“One of the ways of making lots of money is to have information asymmetry,” Tunguz said. “If you know something I don’t about a company and you trade on that information, you’re gonna make a bunch of money, right? In the stock market, it’s illegal. In the private markets, you can.”
The counter argument to all of this is that Web3 is still in its infancy. Of course, the way it all works seems a little opaque; it takes time for anything new to develop and mature and to be stress tested.
But in case of Web3, it is not just a new way of doing business that need getting used to it’s the suggestion that the process is being masked from scrutiny by an ideological layer that marks itself as the antithesis to the capital markets, rules and regulations that has gone before.
That creates cynics like Martin Kenney, a professor at the University of California. “Whatever the new thing is, it’s absolutely in the VC’s interest to hype it,” he says. “You feed it to the press. You tell everyone it’s going to change the world, that it is the best thing since sliced bread, whatever it is that will convince the investors that they need to have it.”
“Nobody has any idea how to value these businesses. I haven’t walked into a single pitch with a Web3 company where the words ‘cost of customer acquisition’ or ‘payback period’ has been uttered. It’s so new that people aren’t worried about unit economics”— Tomasz Tunguz
Nick Gerard, the CEO of Web3 developer Norby, is also skeptical. He tells Vice that he started to believe that tokens, rather than the ideological “future of a fully decentralized internet,” were behind a lot of the investor interest in Web3.
As he sees it, an investment firm could invest in a startup in exchange for equity and inside information and then negotiate a hoard of early tokens. “What I have now is asymmetric access to information,” Gerard said. “I have a direct line to a founder… I have access to financial information. I know if user adoption is tanking. I know if usage is skyrocketing. I know if the founder is depressed or hooked on Adderall or is spiraling out of control.”
Then, at the first internal sign of trouble, the investor can dump the token on the “quote-unquote community,” Gerard said. “Some of them are quite transparent about it, but they’re still able to couch all of this in language that revolves around ownership and the community.”
Vice reports evidence of start-up firms making the switch to Web3 simply because doing so made it easier to raise money.
“A venture capitalist who asked that I not use his name admitted with concern that one of his own portfolio companies did the same, and other founders and CEOs similarly said they’d noticed startups cynically bolting on Web3 elements after running out of other options and needing more funding to survive.”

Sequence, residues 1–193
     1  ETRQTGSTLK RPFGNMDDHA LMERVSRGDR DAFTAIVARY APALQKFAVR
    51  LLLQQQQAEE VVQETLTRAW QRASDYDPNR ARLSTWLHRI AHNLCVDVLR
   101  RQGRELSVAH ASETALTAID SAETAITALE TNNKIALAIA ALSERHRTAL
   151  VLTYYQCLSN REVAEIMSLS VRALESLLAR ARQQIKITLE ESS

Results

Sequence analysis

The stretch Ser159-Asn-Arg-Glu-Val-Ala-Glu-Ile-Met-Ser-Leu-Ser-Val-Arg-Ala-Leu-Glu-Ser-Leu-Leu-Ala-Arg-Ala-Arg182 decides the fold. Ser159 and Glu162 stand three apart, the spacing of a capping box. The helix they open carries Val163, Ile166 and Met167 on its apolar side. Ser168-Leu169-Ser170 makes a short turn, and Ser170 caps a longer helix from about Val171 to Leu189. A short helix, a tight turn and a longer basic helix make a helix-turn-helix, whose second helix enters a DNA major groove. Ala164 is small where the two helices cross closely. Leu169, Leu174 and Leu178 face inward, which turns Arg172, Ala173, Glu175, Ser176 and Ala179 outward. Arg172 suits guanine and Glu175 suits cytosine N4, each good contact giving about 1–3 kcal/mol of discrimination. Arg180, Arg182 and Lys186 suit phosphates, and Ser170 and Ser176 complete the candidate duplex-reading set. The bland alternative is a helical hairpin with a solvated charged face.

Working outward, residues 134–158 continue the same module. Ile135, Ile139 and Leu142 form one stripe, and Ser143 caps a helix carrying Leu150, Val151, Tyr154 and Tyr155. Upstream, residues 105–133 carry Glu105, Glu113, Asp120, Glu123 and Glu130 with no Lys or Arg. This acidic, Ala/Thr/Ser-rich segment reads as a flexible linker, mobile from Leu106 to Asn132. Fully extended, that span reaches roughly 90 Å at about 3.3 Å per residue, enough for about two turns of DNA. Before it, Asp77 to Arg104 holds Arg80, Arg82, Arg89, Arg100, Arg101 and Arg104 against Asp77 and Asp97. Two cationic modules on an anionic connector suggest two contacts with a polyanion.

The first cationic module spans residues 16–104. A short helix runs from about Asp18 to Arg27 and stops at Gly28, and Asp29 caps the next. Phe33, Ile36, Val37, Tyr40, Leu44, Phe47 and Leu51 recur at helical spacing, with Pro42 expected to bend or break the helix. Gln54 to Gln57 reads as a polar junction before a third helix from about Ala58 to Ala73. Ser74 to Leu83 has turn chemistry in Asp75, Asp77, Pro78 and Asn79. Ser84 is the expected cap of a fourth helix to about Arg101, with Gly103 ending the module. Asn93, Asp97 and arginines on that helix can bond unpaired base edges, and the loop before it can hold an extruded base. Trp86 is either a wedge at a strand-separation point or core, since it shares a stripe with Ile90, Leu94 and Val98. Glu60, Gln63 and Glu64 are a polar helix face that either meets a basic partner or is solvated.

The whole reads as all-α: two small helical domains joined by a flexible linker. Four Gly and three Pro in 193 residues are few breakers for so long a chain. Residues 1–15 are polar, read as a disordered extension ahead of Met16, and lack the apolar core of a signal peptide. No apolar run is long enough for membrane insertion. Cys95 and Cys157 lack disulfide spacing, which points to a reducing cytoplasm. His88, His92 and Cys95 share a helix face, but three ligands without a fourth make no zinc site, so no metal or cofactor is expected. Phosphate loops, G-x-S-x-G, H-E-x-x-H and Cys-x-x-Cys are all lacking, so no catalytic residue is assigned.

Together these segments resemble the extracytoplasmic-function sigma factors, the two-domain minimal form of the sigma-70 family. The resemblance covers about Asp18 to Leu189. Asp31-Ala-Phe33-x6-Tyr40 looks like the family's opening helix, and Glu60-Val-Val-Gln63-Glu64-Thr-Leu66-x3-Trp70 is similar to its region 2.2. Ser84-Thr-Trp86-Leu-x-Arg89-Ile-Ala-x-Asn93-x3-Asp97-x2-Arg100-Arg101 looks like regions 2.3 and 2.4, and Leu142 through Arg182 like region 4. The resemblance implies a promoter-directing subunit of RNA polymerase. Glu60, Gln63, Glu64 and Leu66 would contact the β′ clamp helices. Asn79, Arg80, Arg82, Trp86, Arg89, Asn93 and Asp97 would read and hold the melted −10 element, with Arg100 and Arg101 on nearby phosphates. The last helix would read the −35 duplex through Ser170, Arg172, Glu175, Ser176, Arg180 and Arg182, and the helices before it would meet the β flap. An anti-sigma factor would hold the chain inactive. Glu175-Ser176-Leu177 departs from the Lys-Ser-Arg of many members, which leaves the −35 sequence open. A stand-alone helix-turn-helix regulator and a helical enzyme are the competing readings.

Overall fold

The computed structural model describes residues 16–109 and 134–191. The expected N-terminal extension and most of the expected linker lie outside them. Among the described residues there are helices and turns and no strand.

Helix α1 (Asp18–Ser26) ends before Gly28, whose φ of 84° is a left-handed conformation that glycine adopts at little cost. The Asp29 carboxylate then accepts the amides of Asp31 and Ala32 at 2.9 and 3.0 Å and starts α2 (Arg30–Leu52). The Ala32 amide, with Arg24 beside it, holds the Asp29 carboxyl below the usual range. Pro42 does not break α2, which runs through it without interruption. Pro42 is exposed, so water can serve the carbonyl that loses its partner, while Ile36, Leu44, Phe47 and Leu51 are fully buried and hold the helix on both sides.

What everyone can seem to agree on, Strachan adds, is that the boom has created a lot of vaporware and useless entrepreneurial attempts to get rich quick, even if no one wants to name names on the record.
“Tack on #Web3 and investors will throw money blindly and inflate valuations 2-3x,” one start-up founder told Strachan.
There’s even a term for companies that bolt on a Web3 element in order to raise a few more bucks. They’re called “grifters.”
The question for now is: how long will regulators remain hands-off? SEC chairman Gary Gensler has reiterated that he believes many crypto tokens should be regulated as securities.
READ MORE: “Investor Protection in a Digital Age,” Remarks Before the 2022 NASAA Spring Meeting & Public Policy Symposium (U.S. Securities and Exchange Commission)
“Let’s not risk undermining 90 years of securities laws and create some regulatory arbitrage or loopholes,” he said at the University of Pennsylvania’s April law conference.
While crypto markets may offer new ways for entrepreneurs to raise capital & for investors to trade, we all still need investor & market protections.— Gary Gensler (@GaryGensler) May 24, 2022
Let’s not risk undermining 90 years of securities laws & create some regulatory arbitrage or loopholes. pic.twitter.com/E1Z8WJnePm
Tunguz, the pro-Web3 venture capitalist, is ready for such a day, but reaping the rewards until then.
“There will be a Securities Act of 2033, whatever the year is,” said Tunguz. “Whenever the regulation comes out, we will respond to it. But I think there’s definitely an opportunity here to make money in a way that benefits everybody within the ecosystem.”